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Parenting8: Tori's Adventures

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What sounds like more fun: camping on an island haunted by the Old Testament’s ten plagues, having bed bugs while 11 people are trying to sleep in a 1400 sq foot home, working 16 hours a day, or foreclosing on your home?

Well the good news for Tori is, she doesn’t have to choose!  She gets it all…and more!

Luckily, she thinks most of it is funny and hasn’t run out of enthusiasm for life yet.  Listeners, on the other hand, might want to be sure they’ve had a good night’s sleep before listening, or they might not make it through the whole thing*.

If you want to check out Tori’s new house, CSA and musical venue, here’s the link to her new baby, the Creekside Cultural Center.

And if you want to check out Heather Childs’s music (as advertised at the end of today’s program) click here.  Today’s song Celebrate! is on the CD “Blue Electric Storm.”

Amy

* This actually applies even more to the comment I just posted below – I cut and paste the “10 page long account” that Kara refers to in the show…. All I can say is: beware.

5 comments to Parenting8: Tori’s Adventures

  • amychilds

    The Florida Adventure March 2002

    It seems as if the reputation of our adventure precedes us, and I’m not sure the retelling of it can possibly measure up to the enormous cloud of doom that has already been vaguely presented. Nobody went to the emergency room, nobody threw up, nobody even got a runny nose (oh wait a minute, yes they did. And we had a minor UTI to contend with for a while on the trip home (which means, remember, needing to pee every two or three minutes…) ) But anyway, I mean, “.. Really. The trip was a piece of cake. One of the “problems” on our way home was we got stopped in traffic four times for major accidents. Once you drive past totaled cars, ambulances, and burnt out trailers, however, it becomes REALLY hard to think of “being held up in traffic” as a complaint worthy of any air time whatsoever. So before I fill you in on what some people have been dubbing The Vacation From Hell, let me be the first to say I’d take this vacation over many other known variations ANY DAY. Rather than calling it the Vacation From Hell, I prefer the title: The Best Trip to Florida We’ve Taken All Year.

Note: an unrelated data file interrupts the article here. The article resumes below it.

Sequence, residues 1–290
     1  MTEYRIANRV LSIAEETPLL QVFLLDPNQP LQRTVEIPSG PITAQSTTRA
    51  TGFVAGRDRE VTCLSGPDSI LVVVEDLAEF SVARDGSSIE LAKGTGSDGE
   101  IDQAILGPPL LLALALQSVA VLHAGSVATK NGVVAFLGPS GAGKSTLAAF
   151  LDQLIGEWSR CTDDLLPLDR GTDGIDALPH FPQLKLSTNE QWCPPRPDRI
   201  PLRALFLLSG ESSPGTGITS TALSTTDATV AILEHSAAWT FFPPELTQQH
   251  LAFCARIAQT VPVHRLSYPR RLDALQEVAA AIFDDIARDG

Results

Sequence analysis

Anyway. Down to the dirt.
    First of all, a little background. Some of you may have known that our reservations were accidentally canceled a week before departure (the Florida State Park reservation system was recently centralized and computerized, and the employees, still jumpy from the ballot-chad-examinations, are having some difficulty keeping their cool with complicated things like a centralized computer system.) Maybe it sounds to you like this was God’s first message to us to STAY HOME, but what it sounded like to me was the first of many obstacles which asked us “SO, you say you want to go on a family vacation together? Well how MUCH do you really want to go?…” (and we passed every time the question was brought up!) (Well, almost every time.) Anyway, as I lay in bed with a fever, the head of customer service (I had worked my way to the top with my unrelenting indignation) called us back and left a message that our reservations had been recovered. (She didn’t exactly apologize, but she sure sounded sorry.)